This was April 11th, the sitzkrieg was rapidly coming to an end as Germany had just invaded Denmark and Norway two days before - it was clear to all but the least informed or most zealously Nazi that peace was precisely equivalent to total capitulation for Western Europe. While the vast majority of Americans still did not want to go to war, by this point it was clearly recognized how cowardly and self defeating this was and not widely expressed outside of Nazi sympathizers. Really though, are you trying to suggest that college students in the days before the GI bill did not reflect the rich and influential? Or that Americans who wern't rich and influential were any less likely to sympathize with the Nazis or be anti-Semetic?
posted by Blasdelb at 6:39 AM on January 25, 2013 [1 favorite]


Really though, are you trying to suggest that college students in the days before the GI bill did not reflect the rich and influential? Or that Americans who wern't rich and influential were any less likely to sympathize with the Nazis or be anti-Semetic?

I don't think I suggested any of those things. I am suggesting that war is fucking terrifying and I don't think that being pro-Germany or pro-Allies or pro-neutrality is as simple as being pro-facist or pro-communist or racist against Jewish people. It was a complex situation.
posted by muddgirl at 7:00 AM on January 25, 2013 [2 favorites]


I am suggesting that war is fucking terrifying and I don't think that being pro-Germany or pro-Allies or pro-neutrality is as simple as being pro-facist or pro-communist or racist against Jewish people.

No one is suggesting that this was "simple" or that every single student involved in this protest was a stooge of the fascists or the communists. It is, on the other hand, a matter of well-established historical fact (not the private musings of "armchair historians") that there were organized efforts to mobilize public opinion in the US against involvement in the war by both pro-fascist and pro-communist organizations. Jamjam's excellent post above seems to make it pretty clear that this particular protest was--at the very least--heavily influenced by communist directives to toe the Party line in sympathy with Stalin's non-aggression pact.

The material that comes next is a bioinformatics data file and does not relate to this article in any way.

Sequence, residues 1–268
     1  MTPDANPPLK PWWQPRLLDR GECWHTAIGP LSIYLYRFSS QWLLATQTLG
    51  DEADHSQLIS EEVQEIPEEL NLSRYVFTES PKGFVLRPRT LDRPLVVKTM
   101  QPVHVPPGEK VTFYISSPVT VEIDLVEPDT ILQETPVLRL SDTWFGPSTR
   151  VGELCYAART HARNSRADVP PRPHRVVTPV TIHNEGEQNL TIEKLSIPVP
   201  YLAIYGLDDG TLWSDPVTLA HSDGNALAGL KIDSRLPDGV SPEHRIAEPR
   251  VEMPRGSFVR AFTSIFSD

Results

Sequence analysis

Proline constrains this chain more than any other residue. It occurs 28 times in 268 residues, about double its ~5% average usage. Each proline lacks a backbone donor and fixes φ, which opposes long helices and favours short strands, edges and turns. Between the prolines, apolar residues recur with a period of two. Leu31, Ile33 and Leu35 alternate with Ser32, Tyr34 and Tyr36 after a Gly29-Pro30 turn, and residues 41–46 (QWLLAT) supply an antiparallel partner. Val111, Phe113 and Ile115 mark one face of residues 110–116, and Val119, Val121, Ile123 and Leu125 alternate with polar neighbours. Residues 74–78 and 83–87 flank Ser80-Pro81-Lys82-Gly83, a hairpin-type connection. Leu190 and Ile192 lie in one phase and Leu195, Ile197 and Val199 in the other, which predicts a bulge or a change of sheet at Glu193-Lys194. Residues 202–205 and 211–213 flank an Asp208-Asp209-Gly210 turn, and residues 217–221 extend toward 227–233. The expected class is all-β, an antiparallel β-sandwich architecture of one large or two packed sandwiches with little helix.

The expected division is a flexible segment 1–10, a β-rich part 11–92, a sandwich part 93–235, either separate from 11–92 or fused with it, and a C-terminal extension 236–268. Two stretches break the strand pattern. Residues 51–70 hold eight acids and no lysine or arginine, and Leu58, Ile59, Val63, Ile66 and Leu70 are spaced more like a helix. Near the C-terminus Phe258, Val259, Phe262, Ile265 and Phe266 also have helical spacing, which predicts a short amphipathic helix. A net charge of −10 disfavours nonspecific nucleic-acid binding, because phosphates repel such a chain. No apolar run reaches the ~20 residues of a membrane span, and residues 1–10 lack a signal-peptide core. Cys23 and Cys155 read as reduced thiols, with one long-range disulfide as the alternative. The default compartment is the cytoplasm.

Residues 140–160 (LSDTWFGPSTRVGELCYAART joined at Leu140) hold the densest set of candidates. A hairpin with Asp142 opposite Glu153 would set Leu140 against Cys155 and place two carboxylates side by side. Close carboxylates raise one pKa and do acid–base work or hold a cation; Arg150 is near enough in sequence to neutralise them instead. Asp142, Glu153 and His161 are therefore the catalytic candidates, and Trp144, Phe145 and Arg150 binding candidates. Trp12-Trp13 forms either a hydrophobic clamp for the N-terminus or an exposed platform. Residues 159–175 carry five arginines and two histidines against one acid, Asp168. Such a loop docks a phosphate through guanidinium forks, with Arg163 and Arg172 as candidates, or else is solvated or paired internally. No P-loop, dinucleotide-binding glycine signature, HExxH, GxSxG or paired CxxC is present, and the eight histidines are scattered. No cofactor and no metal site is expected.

Pete Seeger was singing songs about keeping out of the war in 1940 because those were the directives CP members were getting from Moscow. Once Hitler invaded Russia, communist opinion around the world swung 180 degrees and it was all about joining the battle against fascism. The fact that these forces were at work in the world need not undermine your own personal pacifist beliefs, but it's a bit silly to stick your head in the ground and pretend that they weren't at play.
posted by yoink at 8:14 AM on January 25, 2013 [5 favorites]


For a taste of what that really meant to people in the small countries of Europe check out the remarkably gripping Judicial Report on the Sacking of Louvain by the Flemish Professor Leon van der Essen

Who was this terrifying Flemish professor who destroyed an entire city?
posted by Sangermaine at 8:29 AM on January 25, 2013 [2 favorites]


given relatively recent revelations of much deeper involvement in and much greater control of American communist organizations by Russia than even many right-wing historians had suspected